A turkey is fed for 1,000 days by a butcher, and every day confirms to the turkey and the turkey’s economics department and the turkey’s risk management department and the turkey’s analytical department that the butcher loves turkeys, and every day brings more confidence to the statement. But on day 1,001 there will be a surprise for the turkey… Nassim N. Taleb,
The above quote was originally with economists in mind, but it can also be applied to employees whose belief in their job security (based on past positive indicators such as performance reviews, bonuses, raises, accomplishments, etc.) remains strong right up to the moment their employer gives them notice.
Here are some headlines found on the Web this month:
- Citrix plans 900 layoffs
- Johnson Controls cutting 277 more jobs in Milwaukee
- Teck Resources Ltd. cutting 1,000 jobs
- ESPN laying off several hundred people
- Tyson To Close Plant In Jefferson, With 400 Layoffs Expected
I have to wonder: How many of those newly unemployed have a second or third source of income in place, such as investments, side hustle business, or rental properties? My guess is very few. But for those that do, I’m sure they sleep more soundly than those whose sole cash flow just stopped flowing. These headlines make it obvious that, despite being well into the economic recovery from the Great Recession and an improved job market, companies are constantly adapting and restructuring. No matter how secure you think your position is, when you’re 100% reliant on a single source of income, you ARE vulnerable.
With even a modest secondary income, you can mitigate the impact from becoming suddenly unemployed. During the good times, additional sources of income provide OPTIONS (there I go again, raving about having more options…). And when times inevitably turn bad, a second or third source of income can spell the difference between keeping afloat or sinking.
One advantage to a non-job secondary income is that it has no limits. Unlike a job position, which has a defined pay ceiling and typical growth rate of 2-4%, a non-job income source has no such artificial restrictions. Having a large active source of income with an average growth rate of 3% is fine, but when supplemented with small passive income sources that can grow at an annual rate of 15% or more? That’s a much better position to be in.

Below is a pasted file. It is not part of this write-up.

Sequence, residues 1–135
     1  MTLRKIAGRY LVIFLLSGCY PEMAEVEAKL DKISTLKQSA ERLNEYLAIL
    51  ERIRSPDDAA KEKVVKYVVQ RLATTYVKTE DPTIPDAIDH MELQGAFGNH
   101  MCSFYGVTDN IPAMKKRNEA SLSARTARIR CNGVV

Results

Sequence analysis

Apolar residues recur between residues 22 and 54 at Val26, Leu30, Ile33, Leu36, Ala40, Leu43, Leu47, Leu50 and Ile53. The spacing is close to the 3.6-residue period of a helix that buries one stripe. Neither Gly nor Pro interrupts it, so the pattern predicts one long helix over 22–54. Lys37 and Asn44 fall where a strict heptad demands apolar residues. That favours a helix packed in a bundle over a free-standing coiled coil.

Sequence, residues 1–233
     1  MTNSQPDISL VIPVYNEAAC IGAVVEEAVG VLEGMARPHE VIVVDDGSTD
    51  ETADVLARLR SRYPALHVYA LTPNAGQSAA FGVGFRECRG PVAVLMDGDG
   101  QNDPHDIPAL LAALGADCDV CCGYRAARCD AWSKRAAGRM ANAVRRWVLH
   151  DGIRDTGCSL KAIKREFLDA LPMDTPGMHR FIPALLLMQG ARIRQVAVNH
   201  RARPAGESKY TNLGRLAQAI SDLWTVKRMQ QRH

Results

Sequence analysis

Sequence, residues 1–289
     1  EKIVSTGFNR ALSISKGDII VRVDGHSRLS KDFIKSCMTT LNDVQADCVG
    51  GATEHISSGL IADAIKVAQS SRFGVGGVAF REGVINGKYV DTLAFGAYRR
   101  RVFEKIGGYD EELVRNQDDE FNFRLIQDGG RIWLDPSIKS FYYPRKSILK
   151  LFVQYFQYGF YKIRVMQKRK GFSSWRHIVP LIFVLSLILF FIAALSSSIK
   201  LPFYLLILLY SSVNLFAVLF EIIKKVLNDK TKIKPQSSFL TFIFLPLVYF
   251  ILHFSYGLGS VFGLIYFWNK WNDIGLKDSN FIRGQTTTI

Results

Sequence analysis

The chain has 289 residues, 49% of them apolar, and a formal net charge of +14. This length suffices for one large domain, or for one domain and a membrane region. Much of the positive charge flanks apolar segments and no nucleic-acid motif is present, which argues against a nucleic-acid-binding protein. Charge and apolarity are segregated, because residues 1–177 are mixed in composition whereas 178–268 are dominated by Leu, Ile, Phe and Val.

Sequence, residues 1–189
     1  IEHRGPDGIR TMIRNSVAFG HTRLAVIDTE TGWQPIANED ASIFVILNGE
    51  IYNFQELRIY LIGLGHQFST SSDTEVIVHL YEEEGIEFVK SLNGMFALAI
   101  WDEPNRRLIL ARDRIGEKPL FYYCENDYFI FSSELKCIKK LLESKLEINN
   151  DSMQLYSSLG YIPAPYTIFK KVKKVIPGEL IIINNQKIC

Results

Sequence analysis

Another advantage to multiple sources of income is that of redundancy. If one fails, there are others to fall back on. When 100% dependent on a single income stream, you have to scramble to find another source of income while your savings are steadily devoured by your expenses .
I’ve been laid off twice in my life and it sucked, but I was fortunate enough to have a decent amount of savings at the time, so it wasn’t as devastating as it could have been. If I had a second source of income when unemployed, it would have helped to stretch my savings further, plus it would have also made me feel less desperate and more selective about the next job offer to come my way.
Developing a second source of income via dividend investing ranks among the best decisions I have ever made in my life. My current monthly dividend income isn’t enough to completely cover my monthly living expenses, but it’s more than enough to cover the utility bills and other lesser expenses. Another option is to apply dividend income to paying down the mortgage principle more quickly, taking 15 years off the 30-year mortgage and saving thousands in interest payments. If necessary, I could apply all of my monthly dividend income towards my minimum monthly mortgage payment, which is over 80% covered by dividend income. That would nearly eliminate any foreclosure worries.
Real security comes from having multiple sources of income to build financial resilience. Nassim Taleb’s parable is clear: Don’t be a turkey.